Co-operation averts clash threatening Venetian Fete

a qm FARMERS on the Marsh were fighting JmijOO plans to allow Silver City Airways to acquire 83 acros of farmland on Romney Marsh for an airfield. There was a round of street parties in the district as the nation celebrated the Coronation of Queen Elizabeth II and Prince Philip. More than 500 delegates from all over the country, as well as Canada and the Colonies attended the annual conference of the Royal Institute of British Architects at the Leas Cliff Hall, with lectures, a conference, an outing to Canterbury and tours of the county. In Hythe they were celebrating the fact that with the Cooperation of Folkestone Regatta Committee a clash between events had been avoided with a change of date for the Regatta to July 15. Had this not been agreed there would have been a clash caused by revival plans for Hythe Cricket Week, in August, incorporating the annual Venetian Fete, on the Royal Military Canal. The Herald published a photo of the first "Man of Kent" steam train to run Irum Folkestone to London. One man who travelled up on the train was Cllr H.G. Taylor, who served more than 48 years on the railways, over 30 of them as an 1 iver on the London route.
 
Town welcomes a Calais party of 2,300 strong

n<)Q FOLKESTONE entertained 2,300 >L7210 excursionists arriving from Calais in two specially chartered Channel steamers, the Engadene and Invicta. They spent a day in the town as part of a major French event, laying a wreath at the War Memorial, and touring local attractions, while Calais Town Band entertained by giving a concert on the Leas. Senior members of the party were guests at a civic luncheon at the Grand Hotel. St Martin's Church. Choriton was seeking help to acquire a church hall where young people could have club meetings, and where social meetings and concerts might be organised. The hope was that this could serve as a memorial to the late Rector, the Revd G.A. Lewis, the cost being estimated at "well over 120!" Musicians using Folkestone maker Alfred Dixon's violins, exact reproductions of Paganini's famous "Joseph Guarnerius" instrument of 1737 and the "Messiah Stradivari," of 1716, won four first and four second prizes in musical festivals in Chatham, Hastings, Folkestone and the Kent Festival, adjudicators remarking that their superb tone was like that of the original instruments.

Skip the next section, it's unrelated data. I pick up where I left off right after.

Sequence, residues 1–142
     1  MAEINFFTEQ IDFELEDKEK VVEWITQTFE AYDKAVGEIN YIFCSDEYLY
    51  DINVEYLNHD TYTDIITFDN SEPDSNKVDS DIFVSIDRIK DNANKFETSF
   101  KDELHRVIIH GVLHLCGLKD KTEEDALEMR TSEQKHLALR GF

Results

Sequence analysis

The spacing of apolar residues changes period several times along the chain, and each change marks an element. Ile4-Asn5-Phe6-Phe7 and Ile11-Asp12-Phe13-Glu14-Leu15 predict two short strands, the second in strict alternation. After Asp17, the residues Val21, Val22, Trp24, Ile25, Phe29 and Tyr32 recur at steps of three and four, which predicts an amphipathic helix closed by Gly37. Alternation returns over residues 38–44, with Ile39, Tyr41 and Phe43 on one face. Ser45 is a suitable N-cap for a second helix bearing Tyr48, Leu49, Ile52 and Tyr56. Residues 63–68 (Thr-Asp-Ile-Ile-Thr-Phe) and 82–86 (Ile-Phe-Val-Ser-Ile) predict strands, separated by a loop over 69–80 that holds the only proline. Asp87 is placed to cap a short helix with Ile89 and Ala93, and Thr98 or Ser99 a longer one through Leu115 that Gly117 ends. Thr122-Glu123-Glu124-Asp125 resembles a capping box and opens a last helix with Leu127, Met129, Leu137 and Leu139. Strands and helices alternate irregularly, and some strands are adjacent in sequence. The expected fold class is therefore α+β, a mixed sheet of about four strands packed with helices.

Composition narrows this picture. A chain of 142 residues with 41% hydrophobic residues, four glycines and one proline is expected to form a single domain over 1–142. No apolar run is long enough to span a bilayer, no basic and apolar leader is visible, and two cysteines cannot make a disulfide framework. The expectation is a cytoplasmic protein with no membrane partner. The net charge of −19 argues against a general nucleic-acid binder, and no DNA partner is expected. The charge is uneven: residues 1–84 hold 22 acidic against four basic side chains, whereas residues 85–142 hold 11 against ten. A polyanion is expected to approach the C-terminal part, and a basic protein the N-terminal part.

Horrific port tragedy cost life of talented policeman

• Q^QSURGEONS battled for nearly seven JmSj I O hours in a vain fight to save the lifo of Detective Sergeant Charles Brisley, 47-year-old father of two teenage sons, who died after having a leg amputated. The Special Branch detective sergeant had been crushed under the back wheels of a transporter lorry and dragged 30 yards in a horrific accident in the marshalling yard at the harbour. He had earned conimenda tions five times for his work. For 43 years Etchinghill had a village shop, a great favourite with children - until competition from town supermarkets, it was claimed, forced it to closc. The picturesque property, said to have been built in Tudor times was one of the most photographed in the village, with heavy beams. Antique Models, a nationally known railway enthusiasts' model shop in Hythe, was an old property due to come down to build an improved through road for the town to save the ancient High Street shopping centre from from ever growing traffic. Another four business premises were also affected. Horse riding enthusiasts were being blamed for leaving open farm gates which allowed farmstock to escape and also dis turbinq sheep about to have their lambs.